Carbohydrates and Weight Loss
Carbohydrates can be found in many different foods, from pasta to fresh fruit. We use carbohydrates for energy, but some types of carbs are better for us than others, and many people eat more poor quality carbohydrates than is healthy.
Managing your carbohydrate intake and choosing healthier carbohydrate options are useful habits for weight loss because they help your body use energy more efficiently and reduce the buildup of fat.
How Do Carbohydrates Work?
When we eat carbohydrates, our bodies convert them into glucose, a sugar that we burn for energy. When the pancreas detects glucose in the bloodstream, it releases a hormone called insulin, which allows the cells to take in glucose and use it as fuel. But this process plays out differently depending on the type of carbohydrate we eat.
Simple Carbs and the Carbohydrate Wave
Simple carbohydrates like foods that contain refined sugars and grains take only a short time to digest. Glucose hits our bloodstream quickly, providing a surge of energy. The pancreas releases insulin to keep blood glucose levels from rising too high, which can cause blood sugar to drop quickly, especially if we have a lot of belly fat.
This results in the brain telling us to eat something else sweet or starchy to bring blood glucose levels back up again, a phenomenon called riding the carbohydrate wave. As we continue eating more simple carbohydrates to keep ourselves satisfied, we can overeat and continue to gain weight.
Fructose vs. Glucose
In recent years, a substance called high fructose corn syrup (HFCS) has become much more common in our diets. HFCS contains high levels of a sugar called fructose, which our bodies process differently than glucose.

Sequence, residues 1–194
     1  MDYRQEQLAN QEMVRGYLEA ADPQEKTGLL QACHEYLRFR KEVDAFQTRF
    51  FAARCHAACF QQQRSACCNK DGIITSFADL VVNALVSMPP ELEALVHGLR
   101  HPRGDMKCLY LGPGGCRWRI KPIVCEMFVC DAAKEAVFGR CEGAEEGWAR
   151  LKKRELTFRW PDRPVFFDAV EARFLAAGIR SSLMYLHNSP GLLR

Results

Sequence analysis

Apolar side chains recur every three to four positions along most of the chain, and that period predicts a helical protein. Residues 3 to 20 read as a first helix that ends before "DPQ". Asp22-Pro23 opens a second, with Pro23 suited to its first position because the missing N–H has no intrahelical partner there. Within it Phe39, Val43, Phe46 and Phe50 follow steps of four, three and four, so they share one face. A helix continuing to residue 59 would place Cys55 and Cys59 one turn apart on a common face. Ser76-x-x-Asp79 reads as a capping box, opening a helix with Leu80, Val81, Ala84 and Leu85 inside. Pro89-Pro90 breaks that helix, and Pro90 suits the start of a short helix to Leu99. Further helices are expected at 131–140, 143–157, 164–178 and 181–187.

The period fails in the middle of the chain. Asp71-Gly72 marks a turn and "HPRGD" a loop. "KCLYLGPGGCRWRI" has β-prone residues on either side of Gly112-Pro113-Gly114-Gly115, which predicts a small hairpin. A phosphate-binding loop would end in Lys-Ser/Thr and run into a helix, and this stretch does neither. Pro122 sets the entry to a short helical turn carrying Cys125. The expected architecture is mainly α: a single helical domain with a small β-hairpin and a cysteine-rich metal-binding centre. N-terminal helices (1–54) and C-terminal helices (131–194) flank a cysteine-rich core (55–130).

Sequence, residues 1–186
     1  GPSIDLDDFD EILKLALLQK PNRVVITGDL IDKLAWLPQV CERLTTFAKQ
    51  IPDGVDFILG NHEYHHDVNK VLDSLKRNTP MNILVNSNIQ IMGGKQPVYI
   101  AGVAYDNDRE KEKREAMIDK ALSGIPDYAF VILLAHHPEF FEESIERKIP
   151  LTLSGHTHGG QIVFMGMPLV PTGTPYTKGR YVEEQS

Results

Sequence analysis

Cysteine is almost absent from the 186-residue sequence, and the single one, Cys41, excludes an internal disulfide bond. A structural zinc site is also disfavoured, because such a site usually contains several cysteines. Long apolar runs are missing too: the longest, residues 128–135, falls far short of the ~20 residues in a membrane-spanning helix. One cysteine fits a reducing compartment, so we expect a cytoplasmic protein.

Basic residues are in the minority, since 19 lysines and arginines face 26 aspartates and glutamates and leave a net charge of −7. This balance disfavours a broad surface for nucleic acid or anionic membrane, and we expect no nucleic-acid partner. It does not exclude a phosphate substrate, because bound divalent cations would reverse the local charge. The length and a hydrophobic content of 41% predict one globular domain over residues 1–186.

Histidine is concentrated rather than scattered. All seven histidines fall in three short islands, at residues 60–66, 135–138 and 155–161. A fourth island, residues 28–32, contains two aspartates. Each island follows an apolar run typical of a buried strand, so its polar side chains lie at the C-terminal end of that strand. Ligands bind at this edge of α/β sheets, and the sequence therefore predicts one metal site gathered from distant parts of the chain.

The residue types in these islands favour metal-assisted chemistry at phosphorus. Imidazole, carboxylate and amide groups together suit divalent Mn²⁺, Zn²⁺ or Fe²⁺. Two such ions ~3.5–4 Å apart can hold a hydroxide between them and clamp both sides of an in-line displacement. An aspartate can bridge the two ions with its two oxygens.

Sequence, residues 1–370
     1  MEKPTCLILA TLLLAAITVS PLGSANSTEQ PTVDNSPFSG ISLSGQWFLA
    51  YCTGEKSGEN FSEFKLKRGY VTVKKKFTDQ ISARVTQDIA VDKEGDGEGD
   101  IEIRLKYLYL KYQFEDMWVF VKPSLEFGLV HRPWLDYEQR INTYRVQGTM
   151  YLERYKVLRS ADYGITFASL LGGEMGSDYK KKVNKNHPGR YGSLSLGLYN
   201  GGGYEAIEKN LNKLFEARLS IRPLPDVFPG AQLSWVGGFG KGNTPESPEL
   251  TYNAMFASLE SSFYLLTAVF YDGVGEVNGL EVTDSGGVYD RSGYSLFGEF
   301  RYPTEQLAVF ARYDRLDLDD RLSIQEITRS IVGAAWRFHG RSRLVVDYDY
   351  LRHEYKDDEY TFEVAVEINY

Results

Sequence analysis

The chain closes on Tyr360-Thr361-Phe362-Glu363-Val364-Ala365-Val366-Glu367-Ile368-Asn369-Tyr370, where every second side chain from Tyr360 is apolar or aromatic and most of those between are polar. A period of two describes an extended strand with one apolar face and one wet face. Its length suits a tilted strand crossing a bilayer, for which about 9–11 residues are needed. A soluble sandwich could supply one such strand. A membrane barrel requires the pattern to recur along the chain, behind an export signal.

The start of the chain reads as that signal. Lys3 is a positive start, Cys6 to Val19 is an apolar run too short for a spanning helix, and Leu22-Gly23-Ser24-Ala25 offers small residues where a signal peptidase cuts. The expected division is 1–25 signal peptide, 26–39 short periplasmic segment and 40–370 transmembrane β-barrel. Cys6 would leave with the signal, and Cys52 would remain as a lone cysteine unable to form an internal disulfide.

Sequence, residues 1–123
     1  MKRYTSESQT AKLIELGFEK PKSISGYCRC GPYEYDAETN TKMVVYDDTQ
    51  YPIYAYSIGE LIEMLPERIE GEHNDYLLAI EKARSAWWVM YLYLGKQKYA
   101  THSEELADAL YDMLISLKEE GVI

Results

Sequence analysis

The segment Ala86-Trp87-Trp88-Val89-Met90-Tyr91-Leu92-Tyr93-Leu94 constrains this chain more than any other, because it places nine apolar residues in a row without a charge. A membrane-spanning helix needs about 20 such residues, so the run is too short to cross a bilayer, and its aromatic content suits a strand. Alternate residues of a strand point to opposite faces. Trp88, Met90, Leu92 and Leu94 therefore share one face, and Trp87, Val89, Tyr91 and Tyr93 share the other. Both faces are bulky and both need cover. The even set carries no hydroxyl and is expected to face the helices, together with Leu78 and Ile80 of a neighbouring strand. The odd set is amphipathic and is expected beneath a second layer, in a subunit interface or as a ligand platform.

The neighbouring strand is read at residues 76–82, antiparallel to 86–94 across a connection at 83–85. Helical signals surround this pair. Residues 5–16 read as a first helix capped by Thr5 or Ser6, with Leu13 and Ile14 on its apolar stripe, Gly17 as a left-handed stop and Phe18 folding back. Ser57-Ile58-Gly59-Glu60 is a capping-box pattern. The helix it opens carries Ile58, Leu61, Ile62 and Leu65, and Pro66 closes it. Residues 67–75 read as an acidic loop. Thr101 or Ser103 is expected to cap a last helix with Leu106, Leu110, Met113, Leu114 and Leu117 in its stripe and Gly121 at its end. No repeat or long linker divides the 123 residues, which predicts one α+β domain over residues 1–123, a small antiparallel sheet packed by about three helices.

When we eat more glucose than we need for energy, we transfer it to the liver for storage as glycogen, a healthy form of energy. But fructose is instead converted into fat and stored in the liver and fat cells. As fat cells grow larger, they can release chemicals that cause inflammation and inhibit signals to the brain that tell us we’re full.
“We eat more fructose, load our fat cells more, and get hungrier,” says Dr. Wendy Scinta, an obesity specialist. “The process continues in a vicious cycle.”
Because HFCS is in so many different foods, we’re eating more fructose than ever before, and this has contributed to the spread of obesity.
“You can see such a correlation between when the obesity epidemic took off and when high fructose corn syrup became such a huge part of our diet,” Dr. Scinta says.
Choosing Carbs Wisely
Complex carbohydrates like whole grains, fruits and vegetables can have a much healthier effect than simple carbohydrates and high fructose corn syrup. Because complex carbohydrates contain more chemical bonds, they take longer for our bodies to break down.
Glucose from complex carbs is released slowly and our bodies have more time to use it. Complex carbohydrates usually contain fiber, which slows down glucose absorption and keep our stomachs satisfied for longer. Because of the extra work that goes into preparing these foods, like peeling fruit and chopping vegetables, they are often also not as easy to overeat as simple carbs.
If you’re trying to lose weight, it will help to replace simple carbs and products that contain HFCS with complex carbohydrate foods. By getting rid of simple, processed carbs like white bread, pasta, rice, potatoes and processed sweets and replacing them with whole grains, fruits and vegetables, you’ll help your body take in and use energy in a healthier way.